I am a strong proponent of taking depositions in contested family law cases in North Carolina. They can help in many ways.
A deposition is type of discovery proceeding where a party or witness is required to answer questions before a court reporter while under an oath or affirmation to tell the truth. A deposition happens in one of the lawyer’s offices or at an agreed-on location. This kind of proceeding does not take place in the presence of a district court judge.
The frequency of depositions is different county-to-county. For example, they are very frequent in Wake County divorce cases. Lawyers in Wake County contested custody cases, equitable distribution, and alimony cases often take them. In Orange County, North Carolina, deposition is in family law cases are less frequent. Local practice has much to do with what and how discovery tools are implemented.
Why Take a Deposition?
There are several reasons to take a deposition in a contested divorce, alimony, postseparation support, equitable distribution, child custody or child support case.
- Getting evidence;
- Committing the witness to a certain version of events;
- Educating opposing counsel on case weaknesses;
- Educating a client on case weaknesses; and
- Assisting settlement.
It is important to ask questions and get answers in a particular way at the deposition. I find that being friendly and conversational with the witness is usually the best approach. It does no good to ask the hard questions at the beginning of the deposition because it will cause the witness to talk less, when the goal of the deposition is to have the witness talk more so everyone can understand the facts and opinions as the witness sees them.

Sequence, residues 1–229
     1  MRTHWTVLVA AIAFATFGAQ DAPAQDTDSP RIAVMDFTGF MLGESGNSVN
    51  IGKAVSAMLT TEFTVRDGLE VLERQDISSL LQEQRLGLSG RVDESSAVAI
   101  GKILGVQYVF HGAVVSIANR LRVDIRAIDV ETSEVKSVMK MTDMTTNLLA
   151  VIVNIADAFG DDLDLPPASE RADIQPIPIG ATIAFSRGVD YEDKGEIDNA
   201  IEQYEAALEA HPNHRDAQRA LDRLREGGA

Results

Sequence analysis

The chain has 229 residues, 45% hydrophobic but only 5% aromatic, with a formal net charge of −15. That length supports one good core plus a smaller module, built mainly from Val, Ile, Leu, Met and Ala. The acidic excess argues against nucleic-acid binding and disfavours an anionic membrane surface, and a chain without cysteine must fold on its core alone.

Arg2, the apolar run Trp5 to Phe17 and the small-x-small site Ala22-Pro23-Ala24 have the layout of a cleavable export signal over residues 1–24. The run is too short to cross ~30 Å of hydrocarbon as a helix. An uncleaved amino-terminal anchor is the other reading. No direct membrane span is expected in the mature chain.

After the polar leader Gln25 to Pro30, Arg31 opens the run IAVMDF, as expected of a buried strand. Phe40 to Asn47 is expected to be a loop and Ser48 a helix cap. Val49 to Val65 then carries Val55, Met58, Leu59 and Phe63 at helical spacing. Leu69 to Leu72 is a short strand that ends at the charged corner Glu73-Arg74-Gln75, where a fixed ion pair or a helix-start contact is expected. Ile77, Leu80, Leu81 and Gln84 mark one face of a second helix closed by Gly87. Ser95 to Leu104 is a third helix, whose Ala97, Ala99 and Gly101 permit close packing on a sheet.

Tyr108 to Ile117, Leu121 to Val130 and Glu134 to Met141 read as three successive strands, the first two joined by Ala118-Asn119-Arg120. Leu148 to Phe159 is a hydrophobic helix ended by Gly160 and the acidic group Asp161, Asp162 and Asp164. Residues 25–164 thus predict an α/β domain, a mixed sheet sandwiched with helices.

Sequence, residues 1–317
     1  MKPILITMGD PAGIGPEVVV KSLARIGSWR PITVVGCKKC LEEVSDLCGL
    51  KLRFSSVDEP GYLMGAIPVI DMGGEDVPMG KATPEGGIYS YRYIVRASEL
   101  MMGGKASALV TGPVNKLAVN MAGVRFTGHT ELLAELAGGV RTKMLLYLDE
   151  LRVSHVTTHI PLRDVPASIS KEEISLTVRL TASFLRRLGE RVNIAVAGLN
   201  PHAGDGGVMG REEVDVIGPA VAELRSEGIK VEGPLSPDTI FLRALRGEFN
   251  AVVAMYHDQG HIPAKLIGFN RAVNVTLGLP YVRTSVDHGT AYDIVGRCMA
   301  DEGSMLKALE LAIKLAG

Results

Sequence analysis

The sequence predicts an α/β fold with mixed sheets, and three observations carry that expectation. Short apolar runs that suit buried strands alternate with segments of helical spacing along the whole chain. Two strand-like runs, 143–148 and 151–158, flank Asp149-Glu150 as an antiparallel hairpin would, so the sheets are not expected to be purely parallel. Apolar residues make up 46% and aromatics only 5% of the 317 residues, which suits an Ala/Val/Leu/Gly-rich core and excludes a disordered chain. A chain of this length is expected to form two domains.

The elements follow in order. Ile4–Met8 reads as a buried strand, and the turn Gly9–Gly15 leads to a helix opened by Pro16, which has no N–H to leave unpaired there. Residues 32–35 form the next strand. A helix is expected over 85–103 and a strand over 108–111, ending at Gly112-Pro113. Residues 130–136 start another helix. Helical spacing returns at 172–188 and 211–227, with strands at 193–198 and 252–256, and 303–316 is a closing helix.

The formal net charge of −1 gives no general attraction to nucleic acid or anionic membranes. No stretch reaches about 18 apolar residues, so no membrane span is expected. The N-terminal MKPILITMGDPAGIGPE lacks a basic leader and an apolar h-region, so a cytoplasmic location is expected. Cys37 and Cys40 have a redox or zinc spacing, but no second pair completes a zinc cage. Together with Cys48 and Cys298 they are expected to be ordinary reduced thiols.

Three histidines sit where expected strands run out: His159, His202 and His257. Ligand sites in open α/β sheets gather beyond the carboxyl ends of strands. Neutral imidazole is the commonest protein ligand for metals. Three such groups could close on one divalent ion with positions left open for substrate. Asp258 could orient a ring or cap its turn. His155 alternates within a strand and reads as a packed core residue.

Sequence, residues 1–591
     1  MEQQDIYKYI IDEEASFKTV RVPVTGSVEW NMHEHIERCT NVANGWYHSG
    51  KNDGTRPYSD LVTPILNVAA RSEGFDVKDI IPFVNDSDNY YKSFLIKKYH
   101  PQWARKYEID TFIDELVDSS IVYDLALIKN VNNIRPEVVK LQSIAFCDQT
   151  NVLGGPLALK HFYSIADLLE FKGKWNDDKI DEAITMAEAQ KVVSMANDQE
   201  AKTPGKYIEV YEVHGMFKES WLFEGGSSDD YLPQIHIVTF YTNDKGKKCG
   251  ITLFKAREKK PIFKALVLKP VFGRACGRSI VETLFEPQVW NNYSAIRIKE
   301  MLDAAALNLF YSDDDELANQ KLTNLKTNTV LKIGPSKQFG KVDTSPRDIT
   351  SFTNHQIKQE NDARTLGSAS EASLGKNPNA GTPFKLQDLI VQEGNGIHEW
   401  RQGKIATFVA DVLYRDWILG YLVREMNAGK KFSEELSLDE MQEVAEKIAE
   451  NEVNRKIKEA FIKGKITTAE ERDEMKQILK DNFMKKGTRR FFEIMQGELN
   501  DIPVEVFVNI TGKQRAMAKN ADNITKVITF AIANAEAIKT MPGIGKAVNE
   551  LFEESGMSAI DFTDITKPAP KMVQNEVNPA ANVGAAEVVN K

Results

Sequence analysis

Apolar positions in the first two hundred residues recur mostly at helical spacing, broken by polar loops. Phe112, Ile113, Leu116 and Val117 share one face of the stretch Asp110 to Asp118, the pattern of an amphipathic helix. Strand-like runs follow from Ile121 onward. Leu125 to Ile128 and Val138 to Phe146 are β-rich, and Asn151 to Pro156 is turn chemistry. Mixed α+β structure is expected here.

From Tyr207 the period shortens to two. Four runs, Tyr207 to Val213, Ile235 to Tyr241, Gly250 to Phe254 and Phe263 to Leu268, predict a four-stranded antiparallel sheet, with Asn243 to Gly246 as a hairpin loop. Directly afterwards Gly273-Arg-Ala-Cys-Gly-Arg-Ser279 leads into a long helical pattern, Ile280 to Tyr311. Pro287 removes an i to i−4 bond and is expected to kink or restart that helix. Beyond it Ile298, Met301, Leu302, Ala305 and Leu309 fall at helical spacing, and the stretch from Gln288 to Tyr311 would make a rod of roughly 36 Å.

I want to use a deposition to get evidence because, as tools go for lawyers, the deposition is the least-filtered way to get the information. For example, I sometimes send written questions (called interrogatories), but the party’s attorney has the ability to assist in the answering. I usually don’t want the attorney’s answers; I want the party’s answers.
Getting the evidence means that I am better prepared for the trial. We know what the witness is going to say and we can decide on what documents or other witnesses we would need to call at the hearing if we want to dispute what the witness will say in court.
Committing the witness to a certain version of events:
Since the proceeding is recorded and a transcript produced, if the party or witness testifies differently at the hearing or trial than at the deposition I can, and often do, point that out. That has the effect of reducing the credibility of the witness in the eyes of the court.
The depositions of parties is important because that is frequently the first time the opposing lawyer will get a sense of the party as a person and witness in court. Sometime lawyers discover that the other spouse is not quite the way our client has portrayed them. I need to know if the other party will make a good witness or bad witness.